I participated in a research project a few weeks ago. It was great to talk about grief in a controlled and supportive environment again. In the first few years I told his story, and my story, a lot, in all kinds of situations. Sometimes conferences and research type settings, but mostly in social situations. I hadn't done that in a long time until I had the chance to be interviewed a few weeks ago. It's made me think about the stories I told in the beginning, and how they're just out there being used for whatever purpose, or no purpose. I think mostly they've become idle gossip, or a weird thing someone once told them. A few years ago we were hiking and we bumped into someone I used to work with. She said that the last time she had seen me I was pregnant, and she was trying to figure out from amongst the children in our group which two were mine. When I told her Toren had died, she looked stunned of course. Afterwards I remember thinking that although this has been the biggest story of my life (so far) that affects me every single day, for her it's just something weird that happened on a hike once.
These pieces, I feel, don't really matter. I don't love it, but also it's not as important as other stories. For example this one: On the day he was born, our doctor was not actually present. The doctor who did deliver him called my doctor and he came a little later on. I will say that on the whole, he is a kind person with a big heart. He had been our doctor for 4 or 5 years by that time. It's not the same as knowing someone but I felt confident in his skills and comfortable with him personally. He was very caring when he came to visit but he did something which in hindsight I question. Actually, I fucking hate it. He told me that of course it was too soon to talk about it but we would probably have another baby, and he knew of a woman who had lost her first baby and a couple of years later when she gave birth to the subsequent baby she cried out "Is it dead? Is it dead?" This is how he told me the story. He threw up his hands when he said it and...rolled his eyes? I can't be sure but that's how I remember it so it doesn't matter how he actually told the story. Someone else's story. This story matters because doctors are key pieces in preventing stillbirth. That's the short answer. There's a longer one about trauma and empathy and self-care. I honestly believe he is deeply affected by stories of stillbirth and is not getting support for that. This means that you can tell a newly-bereaved and traumatized mother a story like that as if you are acting out a scene from a TV medical drama and it doesn't even occur to you that this might be inappropriate and even harmful. Is my baby being used this way? As an awkward and grotesque way to connect with bereaved patients because you feel completely helpless and don't know what to do for them or what to say to them? When you train and practice most of your life to bring life into the world but instead you bring death, what does that do to you if you can't even talk about it? I went to see him for my 6-week follow-up and I wish I hadn't. Medically, I didn't need to be there and he didn't know what to do with me. I probably thought I would get some answers, or maybe even just some kind of support because I was really struggling at that point. This was before I started going to a support group at another hospital. The appointment was a mess. It would have been comical if it hadn't been connected to tragedy. Maybe some sleazy producer can have that scene written into a hip Netflix show about how death is just a big hilarious joke.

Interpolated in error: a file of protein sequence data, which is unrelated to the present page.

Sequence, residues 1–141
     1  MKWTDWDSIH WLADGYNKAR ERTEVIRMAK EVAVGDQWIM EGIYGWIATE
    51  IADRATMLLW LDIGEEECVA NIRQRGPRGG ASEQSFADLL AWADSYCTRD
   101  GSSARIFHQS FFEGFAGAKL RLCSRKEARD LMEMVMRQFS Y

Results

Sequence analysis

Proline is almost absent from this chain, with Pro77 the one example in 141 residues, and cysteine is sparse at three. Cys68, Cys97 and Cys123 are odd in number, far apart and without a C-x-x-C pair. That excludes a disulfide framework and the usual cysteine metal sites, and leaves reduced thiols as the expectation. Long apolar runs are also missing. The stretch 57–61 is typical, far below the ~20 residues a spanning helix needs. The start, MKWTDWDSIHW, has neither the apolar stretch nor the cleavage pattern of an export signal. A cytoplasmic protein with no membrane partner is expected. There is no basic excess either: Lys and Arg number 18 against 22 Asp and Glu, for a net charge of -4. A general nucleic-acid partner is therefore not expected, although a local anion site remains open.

If doctors, the people in positions of power and influence in the healthcare system, aren't acknowledging the enormous cost of stillbirth to everyone, how are things ever going to get better?
I'm so grateful that I was able to tell my story and my baby's story to a researcher last month. Whenever anyone reads it, it will be to build on a body of knowledge. It won't just be a weird story floating around out there. And then someday, things will get better.